Monday, December 11, 2017

Are You Raising a Poor Sport?

Teaching Kids the Power of Good Sportsmanship

Would you ever consider telling your 5-year-old to shove the ballerina next to her in the recital to give your daughter the advantage? Or would you smile if your 3-year-old son poked the soccer goalie in the eye so he couldn’t see the ball anymore? Of course (hopefully) not! But somewhere between teaching our children basic sportsmanship etiquette when they are preschoolers, the messages are getting lost, until gradually they sometimes disappear entirely. While the recent scandal in the NFL where players are accused of intentionally injuring opponents in exchange for bonuses might be an extreme example, it does highlight the emphasis that our society places on winning above everything, and the downfall of sportsmanship.

As a mom of 4 very active children I am surrounded by sporting events, quiz bowl competitions, and academic contests, during which I have witnessed amazing sportsmanship, as well as a profound lack of it. There are two underlying themes I see when watching the engagements of kids during competition.

  1. The behaviors of parents are fairly accurate indicators of the sportsmanship that will be displayed by the child.
  2. Children who have never lost or failed tend to be the least equipped with sportsmanship skills.

Power of Parents

If you doubt the power of parents when it comes to developing sportsmanship skills, just sit and observe a typical, upper elementary or high school athletic event, but pay more attention to the adults in the stands than the kids on the field. The children who sneer at their opponents, play dirty, and gloat when victorious will most often have the parents who trash talk, applaud dirty plays, and take personal pride in the victory of their children. You know the ones – they appear to be missing their own high school days immensely and want to vicariously live through their kids.

Power of Losing

My oldest son once shared a very insightful thought with me.

I am so glad I lost so many matches when I first started wrestling. It taught me how to be a better winner.

As much as parents and children alike want the big W – Win – by their name, the lessons in losing are powerful. It often isn’t until a child has lost a game, match, or contest that he truly understands how it feels to be at the bottom of the list. I admit it was hard for me to watch my son struggle through his matches, competing against far more experienced athletes. But I too saw the lessons it taught. When he finally earned his first win his internal reaction was not evident on the mat – it was subdued and respectful of the other wrestler and coach. While he was shouting with excitement on the inside, he understood how hard the other wrestler had worked and didn’t want to take away from that effort by being outwardly boastful. Win, lose, or draw, his reactions on the mat were the same – a handshake and pat on the back to the opponent with the words “Good match”, and a “Thank you” to the opposing coach and referee.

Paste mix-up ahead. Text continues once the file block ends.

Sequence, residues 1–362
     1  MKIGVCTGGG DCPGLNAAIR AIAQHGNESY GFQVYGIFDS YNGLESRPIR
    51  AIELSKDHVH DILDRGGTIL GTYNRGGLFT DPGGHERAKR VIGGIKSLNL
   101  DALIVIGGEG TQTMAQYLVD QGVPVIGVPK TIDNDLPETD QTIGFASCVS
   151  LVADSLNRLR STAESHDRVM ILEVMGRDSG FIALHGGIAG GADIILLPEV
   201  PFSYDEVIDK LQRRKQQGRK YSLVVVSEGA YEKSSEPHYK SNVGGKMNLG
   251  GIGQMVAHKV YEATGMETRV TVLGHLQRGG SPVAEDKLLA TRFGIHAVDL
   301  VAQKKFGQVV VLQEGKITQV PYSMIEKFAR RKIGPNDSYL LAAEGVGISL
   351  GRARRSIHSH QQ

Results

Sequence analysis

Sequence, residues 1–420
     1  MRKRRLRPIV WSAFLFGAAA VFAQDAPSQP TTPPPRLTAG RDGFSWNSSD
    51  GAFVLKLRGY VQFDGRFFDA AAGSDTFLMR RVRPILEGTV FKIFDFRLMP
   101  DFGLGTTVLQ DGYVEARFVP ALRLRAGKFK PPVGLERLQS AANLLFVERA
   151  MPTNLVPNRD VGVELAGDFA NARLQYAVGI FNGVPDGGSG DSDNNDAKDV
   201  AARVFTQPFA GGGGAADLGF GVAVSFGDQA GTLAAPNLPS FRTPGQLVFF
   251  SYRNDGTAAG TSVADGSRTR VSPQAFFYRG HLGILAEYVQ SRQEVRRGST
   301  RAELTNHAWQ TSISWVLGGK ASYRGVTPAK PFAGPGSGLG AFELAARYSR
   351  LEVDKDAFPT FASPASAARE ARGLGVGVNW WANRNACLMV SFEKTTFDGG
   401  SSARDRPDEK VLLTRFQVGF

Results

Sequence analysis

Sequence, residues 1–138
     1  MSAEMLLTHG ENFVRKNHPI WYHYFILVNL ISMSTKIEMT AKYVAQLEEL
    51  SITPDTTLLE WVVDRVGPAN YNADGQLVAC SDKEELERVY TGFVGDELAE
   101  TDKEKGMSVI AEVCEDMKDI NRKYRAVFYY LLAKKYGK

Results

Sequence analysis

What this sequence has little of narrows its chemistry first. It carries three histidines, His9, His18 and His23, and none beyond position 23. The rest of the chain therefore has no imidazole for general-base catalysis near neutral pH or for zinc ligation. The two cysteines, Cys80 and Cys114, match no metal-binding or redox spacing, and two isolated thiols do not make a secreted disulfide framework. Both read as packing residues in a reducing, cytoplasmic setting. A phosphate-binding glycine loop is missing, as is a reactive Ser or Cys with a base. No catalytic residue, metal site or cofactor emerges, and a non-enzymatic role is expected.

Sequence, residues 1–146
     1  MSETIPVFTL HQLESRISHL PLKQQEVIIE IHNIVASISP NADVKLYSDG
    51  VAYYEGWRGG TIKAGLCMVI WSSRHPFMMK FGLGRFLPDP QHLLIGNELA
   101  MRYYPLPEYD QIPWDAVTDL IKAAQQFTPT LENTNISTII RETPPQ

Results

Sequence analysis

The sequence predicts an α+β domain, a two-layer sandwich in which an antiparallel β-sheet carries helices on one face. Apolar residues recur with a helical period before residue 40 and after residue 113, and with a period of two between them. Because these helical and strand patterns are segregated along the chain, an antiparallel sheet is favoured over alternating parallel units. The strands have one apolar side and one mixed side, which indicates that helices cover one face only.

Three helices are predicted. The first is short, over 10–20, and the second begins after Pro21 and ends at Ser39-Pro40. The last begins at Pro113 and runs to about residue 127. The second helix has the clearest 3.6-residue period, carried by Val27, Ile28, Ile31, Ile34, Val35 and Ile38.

Teaching Kids Sportsmanship

Start young. When you play checkers, Go Fish, or tag in the front yard, always end the game with a smile and handshake. Focus on the experience you had – That was fun playing kickball with you, even though I fell at 2nd base!

Don’t always just let your child win. You are setting her up for disappointment and frustrations if she never experiences loss. While you might think that beating her at Memory is unfair, it is actually much better that she experience loss in a safe and secure environment where the loss is insignificant.

Watch your own reactions. Children will soak up our sportsmanship skills (or lack thereof) faster than they can kick a soccer ball. Even when you’re playing in your own adult league softball, make sure that your kids see you practice what you preach.

Help them right the wrongs. If you witness your child displaying poor sportsmanship, immediately step in and correct the situation. This can be done smoothly and without harsh confrontation, with even a simple reminder such as: I know you are frustrated you lost. Now you need to go back and shake that boy’s hand with dignity.

Set clear expectations. Kids don’t always realize their behaviors are displays of poor sportsmanship. Make sure they understand that there are many subtle ways they can be acting as “poor sports” that won’t be tolerated (even if the team coach doesn’t seem that affected or concerned).

  • Name calling or trash talking
  • Dirty plays
  • Blaming teammates for mistakes/bad plays/etc.
  • Arguing with referees and coaches
  • Over-the-top celebrating and showboating
  • Temper tantrums

Learning good sportsmanship skills is an evolutionary process for kids, but it will make their experiences in athletics and competitions more rewarding for everyone. This last weekend I saw that in full when I watched as one of my children competed in his first curling tournament. His was recognized as the youngest team to participate, but they were clearly some of the kids displaying the best sportsmanship. After every shot the boys gave each other knuckles – even when the shots failed. Yes – their inexperience showed and they left the tournament placing 2nd to last. But as I listened to others who were watching them curl say “Look at those little kids – they know how to be on a team,” I knew that my son’s team had won that weekend at developing character through sportsmanship.

Related posts:

  1. Tips for Raising a Confident Child
  2. Are You Raising an Overprotected Wimp?
  3. Raising Your Daughter to be Superwoman

View full post on Parenting Tips For Raising Successful Kids | BetterParenting.com

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